Yesterday, to celebrate Thanksgiving, Kim and I instituted what we hope will become an annual tradition. Yesterday, we held our first annual family meeting.
Kim approached me with the idea last week. “I think it'd be nice to sit down and talk about our goals,” she said.
“I agree,” I said. I was thinking of the article Matthias shared here in August. Matt and his wife create five-year plans to co-ordinate their shared future. They spend a day drafting couple goals to build their dream life. I've been thinking that Kim and I should do something similar.
So, yesterday morning over coffee, we sat down for our a family meeting. We talked about the current state of our household — and we talked about where we'd like to steer things in years to come.
J.D.'s Rocky Year
“It's been a rocky year for me,” I said, although Kim already knew this. “I've been fighting anxiety and depression since March. I've had a few patches of amazing productivity and good self-worth, but I've spent a lot of my time trying to keep from drowning. Metaphorically.”
“That's true,” Kim said, “but you're making good changes. You're exercising. You're drinking less. You're seeing friends more often. You've stopped wasting time on videogames. And you have your big project coming up.”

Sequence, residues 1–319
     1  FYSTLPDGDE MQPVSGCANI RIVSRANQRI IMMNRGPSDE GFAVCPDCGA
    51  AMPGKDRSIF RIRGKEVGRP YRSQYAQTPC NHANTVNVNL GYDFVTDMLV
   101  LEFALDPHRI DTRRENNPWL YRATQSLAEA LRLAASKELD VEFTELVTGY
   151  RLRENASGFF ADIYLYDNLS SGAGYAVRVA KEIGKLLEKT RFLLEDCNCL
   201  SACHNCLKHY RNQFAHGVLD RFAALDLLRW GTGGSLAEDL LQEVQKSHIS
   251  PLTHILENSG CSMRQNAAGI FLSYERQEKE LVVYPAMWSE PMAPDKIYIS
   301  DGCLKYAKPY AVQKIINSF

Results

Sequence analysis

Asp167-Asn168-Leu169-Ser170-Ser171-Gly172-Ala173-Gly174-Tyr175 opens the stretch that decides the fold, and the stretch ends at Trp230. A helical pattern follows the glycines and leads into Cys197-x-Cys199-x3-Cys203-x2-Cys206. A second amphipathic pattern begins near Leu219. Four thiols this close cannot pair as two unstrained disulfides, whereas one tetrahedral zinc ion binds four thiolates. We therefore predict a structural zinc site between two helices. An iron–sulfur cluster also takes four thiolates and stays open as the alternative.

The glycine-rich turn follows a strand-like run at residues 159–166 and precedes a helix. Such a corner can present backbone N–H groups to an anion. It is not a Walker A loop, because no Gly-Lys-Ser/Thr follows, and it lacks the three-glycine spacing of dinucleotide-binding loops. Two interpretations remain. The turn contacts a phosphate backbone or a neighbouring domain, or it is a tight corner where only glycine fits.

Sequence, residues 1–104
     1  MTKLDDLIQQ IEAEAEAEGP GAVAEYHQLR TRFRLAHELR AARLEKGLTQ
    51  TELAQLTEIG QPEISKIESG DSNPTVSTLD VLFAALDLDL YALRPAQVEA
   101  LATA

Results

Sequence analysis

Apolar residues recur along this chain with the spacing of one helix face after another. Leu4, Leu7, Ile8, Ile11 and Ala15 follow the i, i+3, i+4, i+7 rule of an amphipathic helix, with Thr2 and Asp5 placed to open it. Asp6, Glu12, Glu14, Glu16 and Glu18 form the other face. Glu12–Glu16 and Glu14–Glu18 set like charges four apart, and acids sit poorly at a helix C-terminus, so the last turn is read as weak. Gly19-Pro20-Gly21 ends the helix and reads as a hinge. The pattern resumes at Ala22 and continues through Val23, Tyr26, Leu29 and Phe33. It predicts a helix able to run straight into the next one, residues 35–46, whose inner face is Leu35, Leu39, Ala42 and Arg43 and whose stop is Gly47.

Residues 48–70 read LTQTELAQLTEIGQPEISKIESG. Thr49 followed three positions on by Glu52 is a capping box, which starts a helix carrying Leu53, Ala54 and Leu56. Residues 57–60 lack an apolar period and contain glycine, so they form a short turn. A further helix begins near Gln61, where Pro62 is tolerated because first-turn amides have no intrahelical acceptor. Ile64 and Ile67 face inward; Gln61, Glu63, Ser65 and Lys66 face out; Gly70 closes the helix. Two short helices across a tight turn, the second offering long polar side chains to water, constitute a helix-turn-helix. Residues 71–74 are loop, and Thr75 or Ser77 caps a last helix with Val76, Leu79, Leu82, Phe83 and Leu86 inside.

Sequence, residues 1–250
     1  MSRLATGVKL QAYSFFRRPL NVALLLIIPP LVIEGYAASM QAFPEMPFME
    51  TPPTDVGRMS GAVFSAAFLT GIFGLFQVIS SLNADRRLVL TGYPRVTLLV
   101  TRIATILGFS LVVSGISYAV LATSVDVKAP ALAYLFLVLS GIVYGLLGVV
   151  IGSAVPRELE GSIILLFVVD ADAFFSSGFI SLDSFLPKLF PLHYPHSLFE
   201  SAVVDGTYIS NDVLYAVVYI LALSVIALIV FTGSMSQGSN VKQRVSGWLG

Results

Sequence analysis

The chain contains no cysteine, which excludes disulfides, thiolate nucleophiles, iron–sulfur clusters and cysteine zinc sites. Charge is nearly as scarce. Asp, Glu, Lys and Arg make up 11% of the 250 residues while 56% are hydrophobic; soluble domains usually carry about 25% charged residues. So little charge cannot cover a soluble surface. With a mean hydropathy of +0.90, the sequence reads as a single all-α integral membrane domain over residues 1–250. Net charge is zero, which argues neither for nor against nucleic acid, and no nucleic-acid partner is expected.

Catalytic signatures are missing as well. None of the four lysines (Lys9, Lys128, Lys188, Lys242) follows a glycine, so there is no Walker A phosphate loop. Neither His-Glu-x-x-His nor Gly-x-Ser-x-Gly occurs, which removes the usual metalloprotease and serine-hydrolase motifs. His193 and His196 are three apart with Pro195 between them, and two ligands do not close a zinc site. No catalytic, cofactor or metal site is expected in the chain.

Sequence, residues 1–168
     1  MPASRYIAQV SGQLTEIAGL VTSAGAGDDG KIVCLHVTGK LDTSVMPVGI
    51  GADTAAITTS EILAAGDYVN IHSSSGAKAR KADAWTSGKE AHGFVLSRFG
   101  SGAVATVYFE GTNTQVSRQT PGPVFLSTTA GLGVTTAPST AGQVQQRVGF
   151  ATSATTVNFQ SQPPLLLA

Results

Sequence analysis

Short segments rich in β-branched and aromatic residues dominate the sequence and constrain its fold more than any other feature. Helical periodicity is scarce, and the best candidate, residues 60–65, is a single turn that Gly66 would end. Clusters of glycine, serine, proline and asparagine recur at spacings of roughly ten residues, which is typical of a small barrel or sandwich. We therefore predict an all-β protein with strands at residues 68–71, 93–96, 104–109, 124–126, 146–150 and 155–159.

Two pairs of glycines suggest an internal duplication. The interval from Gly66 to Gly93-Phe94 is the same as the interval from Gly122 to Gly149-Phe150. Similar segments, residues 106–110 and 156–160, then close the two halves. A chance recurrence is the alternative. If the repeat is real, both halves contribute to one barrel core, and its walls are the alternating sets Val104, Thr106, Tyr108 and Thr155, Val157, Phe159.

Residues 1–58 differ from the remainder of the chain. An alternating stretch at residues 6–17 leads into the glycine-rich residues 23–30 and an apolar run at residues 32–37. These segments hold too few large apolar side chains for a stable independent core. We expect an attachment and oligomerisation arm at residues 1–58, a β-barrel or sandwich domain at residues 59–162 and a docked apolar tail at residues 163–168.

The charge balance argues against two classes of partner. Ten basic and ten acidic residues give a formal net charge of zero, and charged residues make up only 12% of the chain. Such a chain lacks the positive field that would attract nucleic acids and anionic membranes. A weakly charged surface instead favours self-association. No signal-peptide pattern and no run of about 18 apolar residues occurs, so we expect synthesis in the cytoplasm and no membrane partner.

“Right,” I said. I've been recruited by Audible and The Great Courses to create a ten-part (five-hour) series on financial independence and early retirement. “That work is going to take most of this winter. The first five lectures are due at the end of January. The rest of the course is due at the end of March. I'll fly to D.C. in early May to record the audio.”
“Will the project pay enough to fund your lifestyle?” Kim asked.
“Sort of,” I said. “It's four months of work, and it'll probably end up funding about four months of expenses. That's not bad, but it's not great either. But I'm not really doing it for the money, you know.”
“How are your finances?” Kim asked. Believe it or not, in our nearly eight years together, we've only talked about money in-depth a couple of times. We trust each other, so we haven't felt the need.
“Things aren't as good as they were three years ago,” I said.
“What do you mean?” she asked.
“Well, when we returned from the RV trip in June 2016, I felt completely at ease financially. I had enough saved that I never felt like I had to work again. I could do what I wanted, when I wanted.”
“That's not true anymore?”
“Not really,” I said. “You know I'm not squandering my money, obviously, but let's look at the numbers. Over the past three years, I've spent $400,000 on a bunch of big stuff: buying back Get Rich Slowly, remodeling this house, those investments in other businesses. I'm not blowing the money on gambling and hookers. These are all financial decisions that made sense in the moment, but which have left me feeling pinched.”
“Are you running out of money?” Kim asked.
“No, not really,” I said. “I just don't have as much as I want. Look. I'll show you the numbers.” [Read more…]